How do I exercise my option?
Is it even necessary to exercise a profitable option? What happens when you do?
In Options Trading, exercising an option means to enforce your rights to buy the underlying stock if you are holding call options or to sell the underlying stock if you are holding put options.
Yes, call options gives you the right to buy the underlying stock at a specific price while put options gives you the right to sell the underlying stock at a specific price but that right does not happen automatically prior to expiration of the option. Thats right, options are what is known in finance as a "Contingent Claim", which means that a claim is contingent on the holder. The holder decides whether to enforce that right or not and that is known as to "exercise an option".
Exercising an option is as easy as clicking a button or a link in your trading interface if you are using an online options trading broker. Clicking that button informs your broker of your intention to exercise an option which then sets off a complex series of actions that we will be covering in a later section below. When you exercise a call option, you will buy the underlying stock at the strike price of the call option. For instance, if you exercise 1 contract of a $40 strike price call option, you would buy 100 shares of the underlying stock at $40 no matter what price it is at the time of exercise. This price is known as the "Exercise Price". When you exercise a put option, you will sell your shares at the strike price of the put options. For instance, if you exercise 1 contract of $40 strike price put option, you would be selling 100 shares of the underlying stock at $40 no matter what price it is at the time of exercise. If you do not have the underlying stock, you will end up with a short stock position. That's right, you cannot exercise an option unless you are the holder of a long position. If you are short an options contract, you cannot exercise the option.
Please take note that only American Style Options can be exercised before expiration. European Style Options do not offer such flexibility. Most exchange traded options all over the world are American Style Options. All publicly traded equities options in the US market are American Style Options as well. Some index options such as the Nasdaq 100 Index Options are European style options.
You exercise an option when you are the holder of an option and you choose to exercise the rights of the options that you own. When that happens the person who sells you the option recieves an "assignment". Yes, assignment is when the options that you wrote through a sell to open order has been exercised by the buyer of the option. The exact procedure is a lot more complex than that but that is the difference between an exercise and an assignment in options trading.
When you exercise an option, a request is sent to your options trading broker that sets off a whole chain of events leading to the eventual resolution of an options contract that will cease to exist after that.
Process When You Exercise An Option
As you can see from the above process, it is really the OCC that is fulfilling the other side of the contract when you exercise an option. There is no direct connection between you and the options writer. This is how the OCC guarantees performance on every options contract; by obligating itself for all fulfillments. After that, the OCC selects member firms for assignment in order to close the whole process. As such, there is really no worry as to whether or not the party taking the opposite side of your option has the stocks or the money to fulfill your exercise because it is really the OCC that is dealing with you, not another options trader.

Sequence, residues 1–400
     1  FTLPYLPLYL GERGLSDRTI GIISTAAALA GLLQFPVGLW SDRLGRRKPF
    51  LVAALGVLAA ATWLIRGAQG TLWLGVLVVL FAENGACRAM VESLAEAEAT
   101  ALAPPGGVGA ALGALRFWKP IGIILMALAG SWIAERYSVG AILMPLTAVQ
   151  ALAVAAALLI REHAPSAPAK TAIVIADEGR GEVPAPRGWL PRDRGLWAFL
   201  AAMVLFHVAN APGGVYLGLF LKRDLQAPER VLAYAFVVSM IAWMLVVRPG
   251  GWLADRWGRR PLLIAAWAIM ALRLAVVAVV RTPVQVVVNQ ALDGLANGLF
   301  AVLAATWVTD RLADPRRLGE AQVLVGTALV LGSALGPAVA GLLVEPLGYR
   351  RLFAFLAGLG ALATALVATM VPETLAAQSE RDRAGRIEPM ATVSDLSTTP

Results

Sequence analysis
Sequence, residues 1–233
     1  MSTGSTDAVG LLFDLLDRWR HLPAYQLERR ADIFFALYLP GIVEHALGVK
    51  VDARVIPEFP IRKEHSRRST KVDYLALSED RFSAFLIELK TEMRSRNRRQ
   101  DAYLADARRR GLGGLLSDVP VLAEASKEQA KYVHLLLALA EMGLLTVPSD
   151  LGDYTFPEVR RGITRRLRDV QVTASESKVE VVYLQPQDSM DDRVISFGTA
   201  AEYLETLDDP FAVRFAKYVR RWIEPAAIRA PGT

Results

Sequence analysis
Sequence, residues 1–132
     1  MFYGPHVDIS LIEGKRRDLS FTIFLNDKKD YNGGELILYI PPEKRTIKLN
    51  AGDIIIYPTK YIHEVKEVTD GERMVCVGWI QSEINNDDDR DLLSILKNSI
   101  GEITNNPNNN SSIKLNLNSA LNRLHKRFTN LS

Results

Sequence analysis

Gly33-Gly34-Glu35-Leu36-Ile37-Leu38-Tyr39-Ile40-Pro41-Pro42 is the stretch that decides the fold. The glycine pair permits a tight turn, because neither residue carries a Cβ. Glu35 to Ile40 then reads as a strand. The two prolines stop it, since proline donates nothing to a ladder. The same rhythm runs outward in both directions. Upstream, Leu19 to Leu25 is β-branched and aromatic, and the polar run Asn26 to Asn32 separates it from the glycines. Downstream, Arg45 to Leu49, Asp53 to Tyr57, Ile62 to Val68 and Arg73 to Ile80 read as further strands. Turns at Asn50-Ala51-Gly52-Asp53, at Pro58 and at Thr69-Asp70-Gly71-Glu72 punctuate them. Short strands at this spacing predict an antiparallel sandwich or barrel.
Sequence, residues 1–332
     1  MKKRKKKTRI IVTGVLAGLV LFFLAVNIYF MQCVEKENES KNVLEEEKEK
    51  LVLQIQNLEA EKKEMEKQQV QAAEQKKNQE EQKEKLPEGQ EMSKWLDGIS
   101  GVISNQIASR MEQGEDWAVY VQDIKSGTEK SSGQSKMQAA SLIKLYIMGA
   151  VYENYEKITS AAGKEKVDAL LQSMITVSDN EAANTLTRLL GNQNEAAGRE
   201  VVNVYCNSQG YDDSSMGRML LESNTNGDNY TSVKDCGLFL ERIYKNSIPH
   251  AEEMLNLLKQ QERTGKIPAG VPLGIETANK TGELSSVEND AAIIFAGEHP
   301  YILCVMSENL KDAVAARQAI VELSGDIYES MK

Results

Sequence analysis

John owns 2 contracts of AAPL's $190 strike price call options and has $40,000 cash in his account. Peter owns 2 contracts of AAPL's $190 strike price put options and has 200 shares of AAPL in his account.
Both John and Peter decides to exercise their options.
The question that most options trading beginners ask is whether or not it is necessary to exercise an option in order to take profit on it? Well, the answer simply is, No. In fact, most options traders don't exercise options in order to take profit. According to the OCC, for the year of 2008, 69.4% of all options were closed out before they expire. This means that 69.4% of options traders simply sell their options in order to take profit or cut loss. Only 11.6% of all options contracts were exercised with only 19% of all options contracts expiring worthless. Of course this statistic totally busted the myth that more than 80% of all options contracts expire worthless which has been the basis behind some theories such as Options Pain.
In fact, taking profit on a profitable options position by selling the position rather than exercising it can actually be more profitable if you are not using any options trading strategies that depends on time decay for profit. This is because apart from the value gained in intrinsic value, the option would probably still have some extrinsic value left. If you exercise such an option, you would instantly lose all extrinsic value remaining in the option.
:: Useful when you want to switch from owning the options to owning the stocks itself for long term investment. :: Useful when you wish to sell your stocks at a favorable price by exercising a put option. :: When dividend paid out by owning the stock is higher than the remaining extrinsic value of a call option.
:: All remaining extrinsic value in the option evaporates and the options contract cease to exist. As such, exercising an option may not be as profitable as simply selling a profitable options contract outright. :: Commissions are sometimes higher when you exercise an option than if you simply sell the option.
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